The Troian Brute did first that Citie found, / And Hygate made the meare thereof by West, / And Ouert gate by North: that is the bound / Toward the land; two riuers bound the rest.

VerbEdit

mere (third-person singular simple present meres, present participle mering, simple past and past participle mered)

  1. (transitive, obsolete) To limit; bound; divide or cause division in.
  2. (intransitive, obsolete) To set divisions and bounds.
  3. (cartography) To decide upon the position of a boundary; to position it on a map.
    • 2016 April 1, David EM Andrews, “Merely a question of boundaries.”, in Sheetlines[1], The Charles Close Society, ISSN 0962-8207:
      What chance is there of revising this example of case law to include an exception to the generally cited rule when an administrative boundary has been mered in the past to coincide with a private property boundary?
Related termsEdit

Etymology 3Edit

From Middle English mere, from Old English mǣre (famous, great, excellent, sublime, splendid, pure, sterling), from Proto-Germanic *mērijaz, *mēraz (excellent, famous), from Proto-Indo-European *mēros (large, handsome). Cognate with Middle High German mære (famous), Icelandic mærr (famous).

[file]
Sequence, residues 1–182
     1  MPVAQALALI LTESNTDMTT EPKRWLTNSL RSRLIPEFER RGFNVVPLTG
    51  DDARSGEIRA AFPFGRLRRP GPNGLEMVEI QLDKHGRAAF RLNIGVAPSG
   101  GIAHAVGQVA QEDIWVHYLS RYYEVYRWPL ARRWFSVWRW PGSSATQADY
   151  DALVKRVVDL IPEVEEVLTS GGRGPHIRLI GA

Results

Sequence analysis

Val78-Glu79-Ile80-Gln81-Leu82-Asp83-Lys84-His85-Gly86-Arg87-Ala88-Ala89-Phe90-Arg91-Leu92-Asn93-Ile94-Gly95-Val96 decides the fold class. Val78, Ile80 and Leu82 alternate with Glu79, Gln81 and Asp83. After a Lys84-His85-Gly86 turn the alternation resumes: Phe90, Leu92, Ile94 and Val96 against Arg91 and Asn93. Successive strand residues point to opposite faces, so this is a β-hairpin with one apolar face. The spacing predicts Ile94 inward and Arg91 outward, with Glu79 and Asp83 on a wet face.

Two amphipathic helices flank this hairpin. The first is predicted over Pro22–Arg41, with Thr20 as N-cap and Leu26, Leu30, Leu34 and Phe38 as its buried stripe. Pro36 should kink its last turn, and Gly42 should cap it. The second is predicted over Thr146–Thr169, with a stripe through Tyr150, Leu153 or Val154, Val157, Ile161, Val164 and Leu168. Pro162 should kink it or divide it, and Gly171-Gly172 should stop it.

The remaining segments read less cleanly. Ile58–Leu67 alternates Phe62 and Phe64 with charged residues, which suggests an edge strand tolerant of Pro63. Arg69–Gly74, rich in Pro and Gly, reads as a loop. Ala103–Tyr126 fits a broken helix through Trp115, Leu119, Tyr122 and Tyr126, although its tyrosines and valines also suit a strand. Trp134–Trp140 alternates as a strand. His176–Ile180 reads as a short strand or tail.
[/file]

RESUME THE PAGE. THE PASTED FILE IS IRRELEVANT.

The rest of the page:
Alternative formsEdit

AdjectiveEdit

mere (comparative more mere, superlative most mere)

  1. (obsolete) famous.

Etymology 4Edit

From Anglo-Norman meer, from Old French mier, from Latin merus. Perhaps influenced by Old English mǣre (famous, great, excellent, sublime, splendid, pure, sterling), or conflated with Etymology 3.

AdjectiveEdit

mere (comparative merer, superlative merest)

  1. (obsolete) Pure, unalloyed [8th-17thc.].
  2. (obsolete) Nothing less than; complete, downright [15th-18thc.].
    I saved a mere 10 pounds this week.
    • 1621, Democritus Junior [pseudonym; Robert Burton], The Anatomy of Melancholy, Oxford: Printed by Iohn Lichfield and Iames Short, for Henry Cripps, OCLC 216894069; The Anatomy of Melancholy: [], 2nd corrected and augmented edition, Oxford: Printed by John Lichfield and James Short, for Henry Cripps, 1624, OCLC 54573970, (please specify |partition=1, 2, or 3):
      , II.3.7:
      If every man might have what he would [] we should have another chaos in an instant, a meer confusion.